Simpson Murder Case : Closing Arguments by Defense, Prosecution at Murder Hearing


The following are excerpts from the closing arguments of O.J. Simpson’s principal attorney, Robert L. Shapiro:

Your honor, I would ask the court to consider the jury instruction that would be given in a case like this regarding circumstantial evidence, and that is if the evidence presented relies solely on circumstantial evidence, there can be no conviction unless the circumstances point to guilt and are not reconcilable with any other reasonable theory.

If, on the other hand, the circumstances may point to guilt or innocence, the jury or finder of fact must adopt that theory which points to innocence and reject that which points to guilt.


Now clearly this not a trial, and clearly this burden is not the same. But the legal principle remains.

This is a case based entirely on circumstantial evidence. And it is clear from the presentation of the people and through our cross-examination that the circumstances can point both toward a suspicion of guilt and also toward a theory of innocence.

The key piece of evidence that the people are relying on is the serology of a 99% chance that four blooddrops found at the Bundy crime scene were of the same type and chemical composition as that of Mr. O.J. Simpson.

The converse is this: If you take the Coliseum on any given Sunday, 40,000 (to) 80,000 people will have that same blood type.

No. 2, there was testimony elicited from the people’s witness that Mr. Simpson has joint custody of these children with his ex-wife, the decedent, Nicole.

That being the case, it is reasonable to assume that he would visit the children or pick them up at her condominium on a regular basis.


Since the criminalist cannot fix the age of the blood spots, there is an equally reasonable theory that those blood spots, if in fact they belonged to Mr. Simpson, were placed there at some other time than the time of death.

And, in fact, the criminalist testified that by viewing the photographs, the blood appeared to be of different ages. However, he blamed that on poor photography.

But on cross-examination, he admitted that proper crime scene photography requires using the same type of equipment with the same lighting conditions from the same angle.

Point No. 2 that the prosecution relies on: There is a matching glove found . . . behind the Simpson residence that matches a glove found at the crime scene.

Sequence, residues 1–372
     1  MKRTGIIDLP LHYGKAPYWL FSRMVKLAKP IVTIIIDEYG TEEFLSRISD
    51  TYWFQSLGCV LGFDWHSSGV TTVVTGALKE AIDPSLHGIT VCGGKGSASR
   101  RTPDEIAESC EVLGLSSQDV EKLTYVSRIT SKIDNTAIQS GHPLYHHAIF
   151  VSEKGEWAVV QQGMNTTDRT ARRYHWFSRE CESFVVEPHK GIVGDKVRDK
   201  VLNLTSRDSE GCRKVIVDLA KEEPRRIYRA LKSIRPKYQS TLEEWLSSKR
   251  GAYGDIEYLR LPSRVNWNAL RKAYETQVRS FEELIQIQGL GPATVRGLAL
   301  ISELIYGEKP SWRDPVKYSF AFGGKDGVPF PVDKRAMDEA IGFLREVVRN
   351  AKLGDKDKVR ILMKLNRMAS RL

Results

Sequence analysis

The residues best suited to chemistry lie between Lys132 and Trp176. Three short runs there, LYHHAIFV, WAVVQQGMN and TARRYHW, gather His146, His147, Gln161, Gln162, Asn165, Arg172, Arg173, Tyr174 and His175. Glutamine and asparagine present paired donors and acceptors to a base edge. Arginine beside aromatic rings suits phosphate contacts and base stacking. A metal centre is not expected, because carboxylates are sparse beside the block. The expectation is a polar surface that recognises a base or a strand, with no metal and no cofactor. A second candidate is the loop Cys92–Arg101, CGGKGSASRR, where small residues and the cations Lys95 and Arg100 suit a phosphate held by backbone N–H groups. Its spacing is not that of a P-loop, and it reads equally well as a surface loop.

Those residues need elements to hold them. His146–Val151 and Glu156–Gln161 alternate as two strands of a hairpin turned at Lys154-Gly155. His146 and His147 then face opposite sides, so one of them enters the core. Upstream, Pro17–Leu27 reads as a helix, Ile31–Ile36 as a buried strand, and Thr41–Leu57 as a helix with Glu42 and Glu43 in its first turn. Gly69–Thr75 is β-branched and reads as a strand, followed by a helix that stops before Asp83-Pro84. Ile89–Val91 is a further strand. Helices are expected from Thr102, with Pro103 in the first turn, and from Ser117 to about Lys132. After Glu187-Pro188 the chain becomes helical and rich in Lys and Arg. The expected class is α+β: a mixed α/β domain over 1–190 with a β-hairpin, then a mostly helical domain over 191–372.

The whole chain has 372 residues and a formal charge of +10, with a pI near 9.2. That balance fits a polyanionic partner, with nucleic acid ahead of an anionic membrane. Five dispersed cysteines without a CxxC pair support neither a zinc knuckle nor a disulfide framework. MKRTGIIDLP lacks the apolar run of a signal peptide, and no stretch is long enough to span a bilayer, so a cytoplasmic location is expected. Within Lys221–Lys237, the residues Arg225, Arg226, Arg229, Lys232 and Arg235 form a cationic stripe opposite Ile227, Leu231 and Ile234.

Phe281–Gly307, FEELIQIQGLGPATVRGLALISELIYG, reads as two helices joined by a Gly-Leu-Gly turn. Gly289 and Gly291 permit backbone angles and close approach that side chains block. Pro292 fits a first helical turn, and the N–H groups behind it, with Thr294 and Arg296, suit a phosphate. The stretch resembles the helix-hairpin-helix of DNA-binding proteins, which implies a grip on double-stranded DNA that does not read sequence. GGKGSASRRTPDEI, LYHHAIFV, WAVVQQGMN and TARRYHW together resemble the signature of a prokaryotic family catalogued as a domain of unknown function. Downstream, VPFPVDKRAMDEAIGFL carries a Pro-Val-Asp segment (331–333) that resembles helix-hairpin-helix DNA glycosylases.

Another conclusion--well, let’s go by the testimony.

I asked (Detective Philip L.) Vannatter: “How did that glove get there?” He said: “Someone brought it there.”

Let’s look at the other circumstantial evidence involved. If, in fact, the killer lived at the Simpson residence, the court would have to believe the following:


That in a window period of less than an hour, the killer was able to leave the crime scene (where there was) . . . a victim with two arteries in the neck cut, two jugular veins cut, and massive blood from both victims.

A clear inference would be that the murderer was indeed covered with blood. The murderer would then have to do the following:

Abandon the bloody clothing, because they have not been found or presented; abandon bloody shoes, because they have not been found or discovered, and then go back to his house and leave a bloody glove in his back yard.

That just doesn’t hold up to logic.

We have no evidence whatsoever in this record that whoever committed this horrendous act acted with premeditation and deliberation, as is charged in the complaint filed by the district attorney.

This is a case that the police admit is still under investigation, where other suspects are being sought, where the medical examiner admits that two weapons could have been used, a clear inference that there may be more than one killer.

I don’t want to go through each and every area of impeachment with the witnesses, but I think it is very, very clear that everybody who has participated in this investigation has not done so in a professional manner. From the time the Los Angeles Police Department arrived on the crime scene, it was nearly 10 hours later until they started the scientific investigation and even took the temperature of the body.


There was testimony that the Fire Department obviously was there and left and didn’t do anything, yet the coroner’s records clearly indicate that the Fire Department chief was the person who pronounced the bodies dead. I doubt if he did that from a distance.

This is a case that everybody has jumped to an immediate and unrealistic conclusion as to the state of this evidence.

. . . This is a case where the chief serologist said: “We used serology as much to eliminate as to implicate,” and yet we have no DNA testing back. This is a case that is needless and groundless.

The court on viewing all of the evidence . . . should have little difficulty in deciding that this certainly is not a case of premeditated murder by anyone for there is totally no evidence on that issue whatsoever; and No. 2, that there is not and cannot be at this point in time a strong suspicion that Mr. Simpson is guilty of anything.